The Definition: Leaf peeping is an autumn activity in areas where foliage changes colors. Leaf peepers are those who participate in photographing and viewing the fall foliage.
I have always loved autumn. And autumn and New England go together like peanut butter and jelly or Tom and Jerry or me and oxygen. So, now that I was back on the east coast, I figured I might as well take advantage of the amazing color and light show going on just north of me. It may not be a psychedelic as a Pink Floyd Laser show, but it’s pretty damn cool.
New England is the northeastern most area of the United States and is basically comprised of six states: Connecticut, Rhode Island, Massachusetts, Vermont, New Hampshire, and Maine. When you think of this region, you think rolling green hills, white clapboard churches, coastal fishing villages, clam chowder and leafy college campuses. It doesn’t disappoint. And the autumn season here couldn’t be a better time to go and enjoy nature’s final fling before the snowy northeast winter sets in (of course that is really pretty too, but damn cold).
Catching fall foliage at its peak can be a challenge as different weather patterns, temperatures, latitude, altitude, and length of daylight can all affect it. Typically the colors are most vibrant from late September to early to mid October – this shifts a bit of course depending on how far north or south you are. If you are far north in Maine… the colors will turn earlier and likewise if you are down in Massachusetts or Connecticut, the best time will be a little later. Go early and see the colors mixed in with greens, go later and see the colorful confetti on back lanes and in streams.
But what exactly causes these flaming reds, bright oranges and golden yellows to come out? Why do leaves change color at all? After a little research, I have found that it has to do with the slow down and eventual cessation of chlorophyll production. In summer, the chlorophyll gives leaves their rich green hue. But as cool temps set in and the daylight hours decrease, less chlorophyll is produced which allows the other ingredients in leaves – carotenoids and anthocyanins (are these real words?) – to get their chance to be unmasked and shine through.
Our route from New Jersey would take us through the Litchfield Hills of Connecticut, the Mohawk Trail (MA 2) in the northern Berkshires of Massachusetts, a lovely stop in Hanover, New Hampshire – the home of Dartmouth University, the White Mountains of New Hampshire and up to Bar Harbor and Acadia National Park in Maine.
Here are some highlights:
This cute, quintessential New England town is most known as the home to Dartmouth College which was established in 1769 and is one of nine Colonial Colleges founded before the American Revolution. With a total enrollment of 5,848, Dartmouth is the smallest school in the Ivy League. The main street of town is lined with cute cafes and shops and leads right into the wide college ‘green’ where students lie in the grass or pass the time tossing Frisbees about. For lunch, we tried Lou’s, a Darmouth institution since 1947 and Hanover’s oldest establishment, but as still one of the most popular joints, the wait was too long. We ended up at Molly’s, a wood-paneled bar-slash-restaurant adorned with black and white photos and menus inside old LP covers.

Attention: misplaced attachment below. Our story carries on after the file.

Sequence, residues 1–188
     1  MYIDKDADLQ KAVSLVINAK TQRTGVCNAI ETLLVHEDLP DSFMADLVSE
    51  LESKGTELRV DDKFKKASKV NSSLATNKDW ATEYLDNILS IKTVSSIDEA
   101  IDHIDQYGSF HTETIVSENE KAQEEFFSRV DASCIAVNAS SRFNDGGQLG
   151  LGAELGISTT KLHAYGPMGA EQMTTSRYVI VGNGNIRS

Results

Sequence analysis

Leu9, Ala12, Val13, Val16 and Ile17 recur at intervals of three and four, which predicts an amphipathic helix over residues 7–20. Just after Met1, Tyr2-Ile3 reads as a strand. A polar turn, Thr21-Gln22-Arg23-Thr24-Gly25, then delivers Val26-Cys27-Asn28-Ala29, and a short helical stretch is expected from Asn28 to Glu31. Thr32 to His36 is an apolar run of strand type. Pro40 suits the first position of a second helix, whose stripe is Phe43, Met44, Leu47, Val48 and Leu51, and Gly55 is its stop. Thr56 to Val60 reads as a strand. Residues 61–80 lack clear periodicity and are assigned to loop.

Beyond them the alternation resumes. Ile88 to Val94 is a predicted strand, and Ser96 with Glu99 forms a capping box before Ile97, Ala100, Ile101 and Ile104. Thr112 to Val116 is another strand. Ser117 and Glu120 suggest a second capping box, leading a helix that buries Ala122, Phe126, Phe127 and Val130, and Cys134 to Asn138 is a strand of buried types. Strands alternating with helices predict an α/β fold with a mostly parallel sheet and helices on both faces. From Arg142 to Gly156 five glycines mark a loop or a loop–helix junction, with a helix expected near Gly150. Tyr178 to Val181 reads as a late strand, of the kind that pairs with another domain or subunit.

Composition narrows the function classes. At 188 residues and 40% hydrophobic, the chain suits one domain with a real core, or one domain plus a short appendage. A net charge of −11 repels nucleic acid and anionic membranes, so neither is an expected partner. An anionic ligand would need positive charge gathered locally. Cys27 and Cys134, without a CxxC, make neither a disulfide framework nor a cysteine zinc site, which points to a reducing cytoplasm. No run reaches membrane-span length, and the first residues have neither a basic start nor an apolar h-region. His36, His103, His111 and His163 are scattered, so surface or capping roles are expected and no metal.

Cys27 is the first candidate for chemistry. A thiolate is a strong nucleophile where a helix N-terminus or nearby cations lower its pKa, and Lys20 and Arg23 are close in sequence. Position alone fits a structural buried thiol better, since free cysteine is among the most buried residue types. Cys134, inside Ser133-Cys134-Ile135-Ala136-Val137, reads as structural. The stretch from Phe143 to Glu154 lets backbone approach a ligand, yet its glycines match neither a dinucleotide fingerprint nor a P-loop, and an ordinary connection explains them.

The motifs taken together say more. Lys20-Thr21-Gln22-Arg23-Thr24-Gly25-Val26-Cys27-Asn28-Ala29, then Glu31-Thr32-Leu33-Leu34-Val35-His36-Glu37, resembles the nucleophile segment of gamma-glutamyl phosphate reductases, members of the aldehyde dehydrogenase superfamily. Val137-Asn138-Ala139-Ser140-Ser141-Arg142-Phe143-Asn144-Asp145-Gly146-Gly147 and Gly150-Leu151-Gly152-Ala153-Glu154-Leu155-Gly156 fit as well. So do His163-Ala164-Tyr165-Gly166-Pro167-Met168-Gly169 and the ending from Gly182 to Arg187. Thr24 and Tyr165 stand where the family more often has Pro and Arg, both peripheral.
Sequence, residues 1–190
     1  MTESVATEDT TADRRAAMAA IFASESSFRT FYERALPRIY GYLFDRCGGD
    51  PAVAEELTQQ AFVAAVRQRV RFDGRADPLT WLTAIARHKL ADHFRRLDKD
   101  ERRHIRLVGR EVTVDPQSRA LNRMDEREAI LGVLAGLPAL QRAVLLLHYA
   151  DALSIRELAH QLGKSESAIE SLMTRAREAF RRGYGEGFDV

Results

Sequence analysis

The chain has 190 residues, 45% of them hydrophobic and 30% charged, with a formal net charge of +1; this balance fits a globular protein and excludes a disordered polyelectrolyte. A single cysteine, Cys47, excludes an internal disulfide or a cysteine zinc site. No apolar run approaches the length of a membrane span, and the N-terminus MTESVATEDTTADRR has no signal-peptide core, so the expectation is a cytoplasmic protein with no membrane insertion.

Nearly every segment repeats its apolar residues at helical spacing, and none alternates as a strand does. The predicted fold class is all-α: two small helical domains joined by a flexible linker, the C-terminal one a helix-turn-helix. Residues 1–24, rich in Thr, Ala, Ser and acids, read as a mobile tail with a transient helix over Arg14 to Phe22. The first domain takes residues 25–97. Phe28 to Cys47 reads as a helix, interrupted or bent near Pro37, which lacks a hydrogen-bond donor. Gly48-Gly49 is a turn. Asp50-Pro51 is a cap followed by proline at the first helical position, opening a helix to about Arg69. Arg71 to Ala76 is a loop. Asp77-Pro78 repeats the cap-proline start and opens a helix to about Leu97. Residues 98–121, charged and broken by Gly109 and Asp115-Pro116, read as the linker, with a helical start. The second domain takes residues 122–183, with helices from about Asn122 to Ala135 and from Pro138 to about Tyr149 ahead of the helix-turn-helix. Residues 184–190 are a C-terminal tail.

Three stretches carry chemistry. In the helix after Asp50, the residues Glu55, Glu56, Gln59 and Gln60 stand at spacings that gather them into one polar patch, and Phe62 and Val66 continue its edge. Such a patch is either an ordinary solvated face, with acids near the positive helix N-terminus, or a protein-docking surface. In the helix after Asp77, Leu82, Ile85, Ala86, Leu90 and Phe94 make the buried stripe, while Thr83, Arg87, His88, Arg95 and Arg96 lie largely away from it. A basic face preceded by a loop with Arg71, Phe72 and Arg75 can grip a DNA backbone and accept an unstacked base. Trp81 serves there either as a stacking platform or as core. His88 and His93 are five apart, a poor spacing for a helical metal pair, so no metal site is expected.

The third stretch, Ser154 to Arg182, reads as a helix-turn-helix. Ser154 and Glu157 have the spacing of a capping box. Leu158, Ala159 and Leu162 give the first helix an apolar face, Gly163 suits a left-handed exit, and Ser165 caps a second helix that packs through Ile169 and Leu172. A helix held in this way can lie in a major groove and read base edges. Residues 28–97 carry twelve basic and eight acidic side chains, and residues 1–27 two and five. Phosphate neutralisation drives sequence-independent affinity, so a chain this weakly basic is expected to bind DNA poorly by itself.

The White Mountains
The vast White Mountains cover one quarter of New Hampshire with New England’s most rugged mountains. There is no shortage of activities from camping to hiking to skiing to canoeing. I flew through the air above the tree tops on my second Zipline course with Alpine Adventures since my first one in Costa Rica. We sailed over the red and yellow treetops on five different lines from platforms ranging in height between 15ft and 65 ft. It’s an exhilarating and free feeling that always makes me giddy with laughter.
To come down from our zipline rush, we hiked the easy two-mile Gorge Trail in Franconia Notch State Park. The Flume Gorge is a natural wonder shaped over time by a wild stream that cuts through the granite to form a natural cleft with towering granite walls that rise 90 feet above.
The Kancamagus Scenic Highway (Rt. 112) – During my research, this winding road probably came up the most and is the hardest to pronounce. Locals call it the Kanc. But unlike a bad Canker sore in your mouth, this road was quite pleasant and really a beautiful scene from beginning to end. It wasn’t paved until 1964 and cuts through the White Mountains from west to east. It only takes about an hour or so, even with requisite photo stops.
Acadia National Park
Surprisingly Acadia is the only national park in New England and said to be the nation’s second most visited national park after Yellowstone. The most popular part of Acadia is on Mt Desert Island just outside of Victorian mansion-lined Bar Harbor. Admission to the park is $20 per vehicle. We drove the scenic and serene 20-mile Park Loop Road that circumnavigates the northeastern section of Mt Desert Island including a stop at the summit of Cadillac Mountain, the highest point in the park at 1530 feet.
There’s still time… jump in your car and road trip it up to New England! Then stick around for ski season.